Léfini Faunal Reserve represents a good sample of the Téké Plateau in the south-east of the country. 239 species have been recorded but this is based on a short survey only and the area almost certainly holds many more species. The forested parts hold Spot-breasted Ibis Bostrychia rara and Vermiculated Fishing-owl Scotopelia bouvieri and the grasslands hold Finsch’s Francolin Francolinus finschi, Congo Moor-Chat Myrmecocichla tholloni and Black-chinned Weaver Ploceus nigrimentus. Other common grassland birds include White-bellied Bustard Eupodotis senegalensis, Lesser Black-winged Lapwing Vanellus lugubris, Rufous-naped Lark Mirafra africana and Plain-backed Pipit Anthus leucophrys. Two species of the Zambezian biome, Sousa’s Shrike Lanius souzae and Red-capped Crombec Sylvietta ruficapilla occur in wooded grassland and Brazza’s Martin Phedina brazzae is found in neighbouring localities.
Dimonika Biosphere Reserve covers a section of the 11,000 km2 Mayombe massif in an area of rather steep hills. The main forest type is evergreen or semi-evergreen rainforest with a very mixed canopy. The southern edge of the reserve coincides with the main road, and for part of its length, the railway which connects Brazzaville to Pointe-Noire. A total of 275 species, of which 266 are likely to breed, have been recorded in this part of Mayombe including the little known Shelley’s Eagle Owl Bubo shelleyi, and a small relict population of two montane species in the region of Mont Mbamba, Crossley’s Ground-Thrush Zoothera crossleyi and Pink-footed Puffback Dryoscopus angolensis.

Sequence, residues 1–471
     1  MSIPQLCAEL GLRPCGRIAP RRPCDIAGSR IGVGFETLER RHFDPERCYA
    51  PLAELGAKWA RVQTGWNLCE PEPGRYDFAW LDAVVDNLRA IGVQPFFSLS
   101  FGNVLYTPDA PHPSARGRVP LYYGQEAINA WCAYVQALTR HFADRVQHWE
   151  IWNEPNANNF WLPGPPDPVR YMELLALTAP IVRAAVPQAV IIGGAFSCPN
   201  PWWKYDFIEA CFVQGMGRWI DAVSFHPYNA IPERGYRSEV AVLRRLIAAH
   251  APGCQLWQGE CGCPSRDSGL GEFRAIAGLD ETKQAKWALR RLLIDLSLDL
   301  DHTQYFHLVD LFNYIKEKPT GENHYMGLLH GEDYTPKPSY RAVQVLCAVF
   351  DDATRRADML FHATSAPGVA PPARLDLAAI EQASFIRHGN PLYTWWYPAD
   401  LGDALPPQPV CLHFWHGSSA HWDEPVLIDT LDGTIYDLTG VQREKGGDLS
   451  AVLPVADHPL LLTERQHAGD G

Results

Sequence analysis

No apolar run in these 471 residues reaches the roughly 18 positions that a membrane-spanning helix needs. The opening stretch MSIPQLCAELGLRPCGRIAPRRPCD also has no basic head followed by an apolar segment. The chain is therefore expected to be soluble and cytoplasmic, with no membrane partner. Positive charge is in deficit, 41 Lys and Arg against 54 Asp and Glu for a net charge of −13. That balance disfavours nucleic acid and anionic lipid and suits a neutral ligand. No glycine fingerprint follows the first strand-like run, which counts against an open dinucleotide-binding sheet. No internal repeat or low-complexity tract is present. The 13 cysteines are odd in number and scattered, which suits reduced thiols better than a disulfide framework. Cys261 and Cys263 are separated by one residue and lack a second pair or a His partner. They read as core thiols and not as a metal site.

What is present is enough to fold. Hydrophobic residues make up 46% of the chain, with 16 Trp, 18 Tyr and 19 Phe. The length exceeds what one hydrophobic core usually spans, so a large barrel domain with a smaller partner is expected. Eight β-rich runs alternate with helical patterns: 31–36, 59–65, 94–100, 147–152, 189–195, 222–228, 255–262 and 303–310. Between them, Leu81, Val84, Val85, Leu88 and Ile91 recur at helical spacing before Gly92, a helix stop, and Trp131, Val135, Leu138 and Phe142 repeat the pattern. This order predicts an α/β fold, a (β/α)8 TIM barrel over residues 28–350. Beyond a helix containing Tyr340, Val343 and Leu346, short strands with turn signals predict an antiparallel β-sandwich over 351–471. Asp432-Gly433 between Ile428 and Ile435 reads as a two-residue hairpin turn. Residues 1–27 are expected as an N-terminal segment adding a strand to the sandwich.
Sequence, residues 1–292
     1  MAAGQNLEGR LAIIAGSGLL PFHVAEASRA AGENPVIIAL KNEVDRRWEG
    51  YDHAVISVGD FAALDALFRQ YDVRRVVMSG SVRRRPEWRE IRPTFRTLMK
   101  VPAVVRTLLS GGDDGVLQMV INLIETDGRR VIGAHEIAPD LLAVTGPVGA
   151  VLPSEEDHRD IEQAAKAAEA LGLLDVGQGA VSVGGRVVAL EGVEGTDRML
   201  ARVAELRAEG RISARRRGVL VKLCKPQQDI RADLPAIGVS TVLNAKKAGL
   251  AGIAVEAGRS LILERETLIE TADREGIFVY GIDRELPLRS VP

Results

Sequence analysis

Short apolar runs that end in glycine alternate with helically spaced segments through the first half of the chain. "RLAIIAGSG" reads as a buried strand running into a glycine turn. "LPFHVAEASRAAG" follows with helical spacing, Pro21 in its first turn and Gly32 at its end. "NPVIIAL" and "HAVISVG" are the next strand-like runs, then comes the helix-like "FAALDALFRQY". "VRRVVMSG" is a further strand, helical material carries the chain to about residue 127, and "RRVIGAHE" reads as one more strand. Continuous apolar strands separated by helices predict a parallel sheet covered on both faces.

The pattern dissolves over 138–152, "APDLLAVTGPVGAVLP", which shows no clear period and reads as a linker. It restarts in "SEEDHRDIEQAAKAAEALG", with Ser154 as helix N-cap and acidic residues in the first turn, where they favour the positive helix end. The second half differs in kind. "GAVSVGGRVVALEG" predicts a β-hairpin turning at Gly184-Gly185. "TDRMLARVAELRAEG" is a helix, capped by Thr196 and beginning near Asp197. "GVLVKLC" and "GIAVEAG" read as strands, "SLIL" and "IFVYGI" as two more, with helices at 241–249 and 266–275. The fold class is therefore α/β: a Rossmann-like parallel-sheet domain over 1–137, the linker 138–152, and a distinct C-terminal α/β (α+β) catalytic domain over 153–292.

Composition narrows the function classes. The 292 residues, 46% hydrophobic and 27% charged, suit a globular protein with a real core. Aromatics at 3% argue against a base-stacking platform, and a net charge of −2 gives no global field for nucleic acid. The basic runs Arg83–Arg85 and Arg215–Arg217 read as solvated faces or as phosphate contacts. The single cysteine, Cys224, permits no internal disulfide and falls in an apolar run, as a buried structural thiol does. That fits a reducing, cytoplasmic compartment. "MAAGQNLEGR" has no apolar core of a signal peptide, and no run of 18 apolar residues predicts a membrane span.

Lower Kouilou basin lies a little to the west of Dimonika and is bordered to the south-west by the Atlantic coast. The main part of the site comprises 900 km2 of the Kouilou basin which includes mangroves, lakes, papyrus, grassland, thickets and permanently or seasonally flooded forest. Species of special interest are Damara Tern Sterna balaenarum, Black-headed Bee-eater Merops breweri and Loango Weaver Ploceus subpersonatus recently discovered in coastal bush. The swamp-forests and thickets hold little known species such as White-crested Tiger-Heron Tigriornis leucolopha, Grey-throated Rail Canirallus oculeus and Vermiculated Fishing-owl Scotopelia bouvieri with African River Martin Pseudochelidon eurystomina being a visitor from September to November. Two Zambezian biome species, Black-backed Barbet Lybius minor and Red-throated Cliff Swallow Hirundo rufigula have been recorded.
Conkouati National Park is situated on the coast in the extreme south-west of the country and adjacent to the international frontier with Gabon. It has the same range of habitat, with lagoons but less swamp-forest as the previous IBA which lies immediately to the south-east. A total of 288 species were recorded in two brief surveys including Rosy Bee-eater Merops malimbicus and African River Martin Pseudochelidon eurystomina which were found breeding there - see reference (iv).
For further details, download the country IBAs from BirdLife International.